signed a proclamation endorsing and approving end of life counseling--the very subject of her crass and politically dishonest "Death Panels" claim:
State of Alaska > Governor > Proclamations >
Proclamations Archive Healthcare Decisions Day
WHEREAS, Healthcare Decisions Day is designed to raise public awareness of the need to plan ahead for healthcare decisions, related to end of life care and medical decision-making whenever patients are unable to speak for themselves and to encourage the specific use of advance directives to communicate these important healthcare decisions. WHEREAS, in Alaska, Alaska Statute 13.52 provides the specifics of the advance directives law and offers a model form for patient use.
WHEREAS, it is estimated that only about 20 percent of people in Alaska have executed an advance directive. Moreover, it is estimated that less than 50 percent of severely or terminally ill patients have an advance directive.
WHEREAS, it is likely that a significant reason for these low percentages is that there is both a lack of knowledge and considerable confusion in the public about Advance Directives.
WHEREAS, one of the principal goals of Healthcare Decisions Day is to encourage hospitals, nursing homes, assisted living facilities, continuing care retirement communities, and hospices to participate in a statewide effort to provide clear and consistent information to the public about advance directives, as well as to encourage medical professionals and lawyers to volunteer their time and efforts to improve public knowledge and increase the number of Alaska’s citizens with advance directives.
WHEREAS, the Foundation for End of Life Care in Juneau, Alaska, and other organizations throughout the United States have endorsed this event and are committed to educating the public about the importance of discussing healthcare choices and executing advance directives.
WHEREAS, as a result of April 16, 2008, being recognized as Healthcare Decisions Day in Alaska, more citizens will have conversations about their healthcare decisions; more citizens will execute advance directives to make their wishes known; and fewer families and healthcare providers will have to struggle with making difficult healthcare decisions in the absence of guidance from the patient.
NOW, THEREFORE, I, Sarah Palin, Governor of the state of Alaska, do hereby proclaim April 16, 2008, as:
Healthcare Decisions Day in Alaska, and I call this observance to the attention of all our citizens.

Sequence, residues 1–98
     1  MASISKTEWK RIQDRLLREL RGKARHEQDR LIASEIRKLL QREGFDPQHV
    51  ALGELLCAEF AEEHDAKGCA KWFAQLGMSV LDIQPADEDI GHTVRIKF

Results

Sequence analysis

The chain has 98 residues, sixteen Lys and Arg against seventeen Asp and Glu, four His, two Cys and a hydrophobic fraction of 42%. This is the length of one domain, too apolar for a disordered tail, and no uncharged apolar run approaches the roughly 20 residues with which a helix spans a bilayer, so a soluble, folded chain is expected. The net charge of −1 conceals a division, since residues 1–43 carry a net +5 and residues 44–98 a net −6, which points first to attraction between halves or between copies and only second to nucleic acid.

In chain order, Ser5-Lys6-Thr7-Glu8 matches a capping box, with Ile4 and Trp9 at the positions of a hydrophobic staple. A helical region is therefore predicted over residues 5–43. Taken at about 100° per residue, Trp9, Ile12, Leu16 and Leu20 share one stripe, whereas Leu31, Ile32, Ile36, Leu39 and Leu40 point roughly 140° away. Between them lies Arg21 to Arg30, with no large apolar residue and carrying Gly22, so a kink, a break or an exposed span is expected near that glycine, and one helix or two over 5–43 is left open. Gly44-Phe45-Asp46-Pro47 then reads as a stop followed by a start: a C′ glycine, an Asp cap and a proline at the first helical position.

From Paul Krugman's column in the NYTimes:
"...the charge that’s gaining the most traction is the claim that health care reform will create “death panels” (in Sarah Palin’s words) that will shuffle the elderly and others off to an early grave. It’s a complete fabrication, of course. The provision requiring that Medicare pay for voluntary end-of-life counseling was introduced by Senator Johnny Isakson, Republican — yes, Republican — of Georgia, who says that it’s “nuts” to claim that it has anything to do with euthanasia.
And not long ago, some of the most enthusiastic peddlers of the euthanasia smear, including Newt Gingrich, the former speaker of the House, and Mrs. Palin herself, were all for “advance directives” for medical care in the event that you are incapacitated or comatose. That’s exactly what was being proposed — and has now, in the face of all the hysteria, been dropped from the bill."
Yes, a provision in the health care bill that a Republican wrote, and that the dishonest ex-part-time governor of Alaska actually endorsed has been dropped from the health care bill.
We live in hysterial, illogical times, led by yawping, cynical, empty-headed people like Glenn Beck, Rush Limbaugh, Sean Hannity, and Sarah Palin, whose followers eagerly and unquestioningly believe them.
Good luck with that, America
After graduating from Melrose High School in the 1980s, Swasey moved to Colorado to pursue a career in competitive figure skating, the Globe reported. After competing in three U.S. Championships for skating and winning a national title in the junior ranks, Swasey became an officer with the University of Colorado at Colorado Springs police force six years ago.Swasey was one of three people killed in the shooting. He leaves behind a wife, two children, his parents, and a sister. Read the full Globe story here.